An overheated world now threatens the ability of nuclear reactors to operate at all.
Just as the sales pitch that atomic energy could help with global warming gets its biggest hype, the reactors themselves go very wrong.
And as a "renaissance" turns into a rout, a "new generation" of reactors fades ever-deeper into the realm of expensive fantasy.
The bad news on nuclear power and global warming comes most recently from Cape Cod Bay. All commercial reactors spew huge quantities of waste heat into the rivers, lakes and oceans they use for coolant.
The worst instance (so far) is Fukushima, where hot radioactive effluent still pours into the Pacific Ocean after three explosions the industry claimed could never happen.
Reactors in Alabama, France, Germany, and elsewhere have already been forced to shut because of excess heat.
At Entergy's Pilgrim, in Plymouth, Massachusetts, a global-warmed summer has heated Cape Cod's waters beyond the legal limit for cooling a "normal" reactor. So in mid-July Entergy was forced to take Pilgrim down to 85 percent power.
Entergy may ask regulators to let it operate at full power with overheated water anyway. Such requests -- still under official consideration -- have been made repeatedly at Connecticut's Millstone 2, where the Long Island Sound has soared over 75 degrees.
Meanwhile, Nebraska's Cooper and Ft. Calhoun reactors were shut in 2011 by massive global-warmed flooding. As many as three dozen U.S. reactors are at risk from dam breaks and the flooding unleashed by climate chaos. Ft. Calhoun may never reopen.
The irony of reactors closed by the global warming they're supposed to cure seems lost on their pushers.
But many are pushing an entirely new radioactive gizmo -- a "Small Modular Reactor" -- with no working prototypes. True to form, the budget and timetable stretch deep into the unknown.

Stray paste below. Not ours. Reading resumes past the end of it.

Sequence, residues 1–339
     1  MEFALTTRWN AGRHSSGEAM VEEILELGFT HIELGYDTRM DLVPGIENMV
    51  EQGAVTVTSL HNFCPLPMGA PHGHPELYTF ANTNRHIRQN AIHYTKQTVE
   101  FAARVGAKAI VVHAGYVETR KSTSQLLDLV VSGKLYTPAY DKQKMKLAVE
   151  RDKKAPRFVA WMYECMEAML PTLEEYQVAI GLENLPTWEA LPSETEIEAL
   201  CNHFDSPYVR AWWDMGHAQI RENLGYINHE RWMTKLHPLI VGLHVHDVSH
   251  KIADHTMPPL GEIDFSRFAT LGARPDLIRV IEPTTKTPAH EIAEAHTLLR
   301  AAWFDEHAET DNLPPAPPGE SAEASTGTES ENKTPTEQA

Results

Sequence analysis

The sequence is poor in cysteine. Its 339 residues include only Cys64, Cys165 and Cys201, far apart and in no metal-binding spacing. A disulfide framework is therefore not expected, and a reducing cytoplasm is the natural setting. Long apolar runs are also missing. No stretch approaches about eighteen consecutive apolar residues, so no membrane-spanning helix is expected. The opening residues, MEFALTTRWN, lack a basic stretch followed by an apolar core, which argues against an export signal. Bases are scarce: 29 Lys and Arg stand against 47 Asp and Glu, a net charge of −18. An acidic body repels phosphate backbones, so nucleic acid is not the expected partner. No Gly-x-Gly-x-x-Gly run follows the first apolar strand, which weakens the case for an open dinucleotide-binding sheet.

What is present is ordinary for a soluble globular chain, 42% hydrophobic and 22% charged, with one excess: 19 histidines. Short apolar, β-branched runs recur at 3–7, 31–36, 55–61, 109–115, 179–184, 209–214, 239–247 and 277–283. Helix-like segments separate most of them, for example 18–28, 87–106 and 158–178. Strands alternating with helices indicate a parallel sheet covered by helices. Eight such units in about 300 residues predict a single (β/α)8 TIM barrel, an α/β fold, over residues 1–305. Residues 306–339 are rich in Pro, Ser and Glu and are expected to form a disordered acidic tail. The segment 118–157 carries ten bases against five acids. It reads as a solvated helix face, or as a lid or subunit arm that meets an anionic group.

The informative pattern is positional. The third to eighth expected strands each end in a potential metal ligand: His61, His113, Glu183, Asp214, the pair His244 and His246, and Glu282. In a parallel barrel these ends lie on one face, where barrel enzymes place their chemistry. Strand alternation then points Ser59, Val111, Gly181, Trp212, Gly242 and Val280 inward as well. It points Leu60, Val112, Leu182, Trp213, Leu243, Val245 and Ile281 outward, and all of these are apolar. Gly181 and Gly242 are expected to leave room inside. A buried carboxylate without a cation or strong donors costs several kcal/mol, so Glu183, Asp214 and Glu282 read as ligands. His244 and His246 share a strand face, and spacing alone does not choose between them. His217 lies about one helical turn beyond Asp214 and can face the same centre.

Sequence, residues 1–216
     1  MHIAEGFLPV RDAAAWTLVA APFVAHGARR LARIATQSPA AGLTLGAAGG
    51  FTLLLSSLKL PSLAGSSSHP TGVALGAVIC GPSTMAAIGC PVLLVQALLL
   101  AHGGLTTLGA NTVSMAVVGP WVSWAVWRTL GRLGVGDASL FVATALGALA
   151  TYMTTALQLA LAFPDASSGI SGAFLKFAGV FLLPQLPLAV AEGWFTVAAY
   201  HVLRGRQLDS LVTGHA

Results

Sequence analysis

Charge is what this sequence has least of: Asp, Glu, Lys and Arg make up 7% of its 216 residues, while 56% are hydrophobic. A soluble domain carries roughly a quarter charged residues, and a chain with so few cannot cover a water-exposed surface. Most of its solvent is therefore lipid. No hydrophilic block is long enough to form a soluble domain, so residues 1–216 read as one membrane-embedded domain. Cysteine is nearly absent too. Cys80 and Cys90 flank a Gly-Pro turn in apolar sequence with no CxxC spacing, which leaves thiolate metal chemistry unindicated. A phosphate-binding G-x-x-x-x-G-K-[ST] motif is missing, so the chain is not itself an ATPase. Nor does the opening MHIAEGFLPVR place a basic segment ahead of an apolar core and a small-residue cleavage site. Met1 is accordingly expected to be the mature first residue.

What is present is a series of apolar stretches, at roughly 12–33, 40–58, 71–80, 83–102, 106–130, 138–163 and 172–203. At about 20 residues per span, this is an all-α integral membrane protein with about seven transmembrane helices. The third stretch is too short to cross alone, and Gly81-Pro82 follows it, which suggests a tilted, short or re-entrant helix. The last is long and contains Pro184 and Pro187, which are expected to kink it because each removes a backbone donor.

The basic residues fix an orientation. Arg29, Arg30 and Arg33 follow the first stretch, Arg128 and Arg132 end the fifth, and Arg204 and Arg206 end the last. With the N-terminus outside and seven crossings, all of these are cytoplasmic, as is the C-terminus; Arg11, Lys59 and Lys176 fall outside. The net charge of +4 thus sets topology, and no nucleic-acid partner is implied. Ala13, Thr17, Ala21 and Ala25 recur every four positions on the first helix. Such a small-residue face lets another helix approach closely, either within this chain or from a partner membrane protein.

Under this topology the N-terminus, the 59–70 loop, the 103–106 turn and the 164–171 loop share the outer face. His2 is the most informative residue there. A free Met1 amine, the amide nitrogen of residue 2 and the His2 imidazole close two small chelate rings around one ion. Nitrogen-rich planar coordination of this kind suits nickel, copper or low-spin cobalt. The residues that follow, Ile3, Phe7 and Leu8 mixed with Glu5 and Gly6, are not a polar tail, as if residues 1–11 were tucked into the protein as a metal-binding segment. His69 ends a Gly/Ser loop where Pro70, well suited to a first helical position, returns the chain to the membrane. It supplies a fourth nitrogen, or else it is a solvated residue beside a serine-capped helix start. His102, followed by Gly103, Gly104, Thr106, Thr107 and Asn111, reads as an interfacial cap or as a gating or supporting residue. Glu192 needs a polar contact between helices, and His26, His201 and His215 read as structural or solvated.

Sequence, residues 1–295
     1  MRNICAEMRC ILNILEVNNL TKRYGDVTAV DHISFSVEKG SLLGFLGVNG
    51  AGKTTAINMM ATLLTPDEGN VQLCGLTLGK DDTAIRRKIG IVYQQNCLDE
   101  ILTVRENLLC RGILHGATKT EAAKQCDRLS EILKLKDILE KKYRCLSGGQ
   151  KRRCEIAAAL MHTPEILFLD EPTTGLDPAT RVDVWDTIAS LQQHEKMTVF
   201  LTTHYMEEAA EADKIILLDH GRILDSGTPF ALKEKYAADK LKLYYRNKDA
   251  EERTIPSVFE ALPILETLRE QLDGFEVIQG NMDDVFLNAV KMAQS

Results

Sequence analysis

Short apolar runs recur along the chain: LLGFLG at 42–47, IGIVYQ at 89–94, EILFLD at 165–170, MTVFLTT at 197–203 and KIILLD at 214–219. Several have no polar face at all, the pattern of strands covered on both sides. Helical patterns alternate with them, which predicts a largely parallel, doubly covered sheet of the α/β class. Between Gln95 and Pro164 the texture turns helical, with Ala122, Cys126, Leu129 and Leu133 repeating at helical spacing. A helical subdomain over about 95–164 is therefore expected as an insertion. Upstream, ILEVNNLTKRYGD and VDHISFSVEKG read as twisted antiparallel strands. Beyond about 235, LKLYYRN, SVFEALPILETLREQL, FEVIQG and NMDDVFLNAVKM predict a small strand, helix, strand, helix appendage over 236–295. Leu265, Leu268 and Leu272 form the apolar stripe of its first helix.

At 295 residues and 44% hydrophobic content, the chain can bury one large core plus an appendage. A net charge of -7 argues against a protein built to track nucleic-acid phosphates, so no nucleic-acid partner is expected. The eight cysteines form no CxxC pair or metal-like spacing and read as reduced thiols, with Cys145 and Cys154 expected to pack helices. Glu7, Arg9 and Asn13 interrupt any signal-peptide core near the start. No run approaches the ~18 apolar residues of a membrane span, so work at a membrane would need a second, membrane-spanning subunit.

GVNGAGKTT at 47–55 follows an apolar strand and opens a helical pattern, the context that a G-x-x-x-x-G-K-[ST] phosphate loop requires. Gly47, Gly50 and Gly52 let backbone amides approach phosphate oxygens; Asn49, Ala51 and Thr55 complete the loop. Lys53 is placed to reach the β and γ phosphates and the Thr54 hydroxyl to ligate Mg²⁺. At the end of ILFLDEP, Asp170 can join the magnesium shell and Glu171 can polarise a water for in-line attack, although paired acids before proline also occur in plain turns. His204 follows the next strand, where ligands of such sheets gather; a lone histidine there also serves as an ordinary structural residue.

Lead SMR manufacturer Babcock & Wilcox brought us both Three Mile Island and Ohio's Davis-Besse, whose pressure head was infamously eaten through to the brink by boric acid. The core SMR technology has already been distinguished by a long line of generic failures.
The Tennessee Valley Authority has just postponed the target date to apply for the first SMR construction license until at least 2015. Ultimate development costs are a giant question mark. The huge Savannah River facility meant to convert weapons-grade materials into nuclear fuel for such projects is on the brink of cancellation, with untold billions already down the tubes.
So as its backers claim an unproven ability to help solve an ultra-urgent climate crisis, there won't be an SMR prototype deployed for an unknowable number of years, at what is certain to be a staggering cost.
With taxpayer money pouring in, even industry supporters already warn of an "atomic Solyndra."
The SMR's parent generation has descended into chaos. Three U.S. reactors (Florida's Crystal River, and two at San Onofre, California) were killed this year by the outright incompetence of their owners. France's Fessenheim will soon join them on the radioactive junk pile.
Two new ones proposed for Levy County, Florida, jumped from $5-6 billion to $24.7 billion before their August 1 cancellation. Others proposed for Iowa, Texas and North Carolina have also bit the dust. So have uprates planned for Illinois and Pennsylvania. France's EDF has pulled out of the U.S. market altogether, and isn't doing much better at home.
Reactors under construction in Georgia, South Carolina, Finland, and Flamanville, France, are hugely over budget and behind schedule. New construction has been abandoned virtually everywhere except China, Russia, India and South Korea, where they are variously contested, with much to fear from shoddy construction and shadowy regulation.
SMR backers still chant the original "too cheap to meter" mantra, claiming a miraculous but unproven ability to somehow burn up old warheads and avoid small annoyances like TMI, Chernobyl, and Fukushima.
But the SMR is already on that familiar atomic go-round of production delays, cost overruns, immediate obsolescence and serious dangers its makers won't disclose.
Despite a concerted attack from the corporate media, today's world gets far more usable energy from renewables than SMRs can produce now (none) or for many years to come.
Our sustainable future depends on proven green power, not a supremely expensive failed atomic experiment and its pie-in-the-sky reruns.
Harvey Wasserman edits www.nukefree.org. His Solartopia Green Power & Wellness Show is at www.prn.fm. SOLARTOPIA! OUR GREEN-POWERED EARTH is at www.solartopia.org. The producers of the pro-SMR Pandora's Promise have refused to send us a review copy; if you have one, please write us at www.nukefree.org.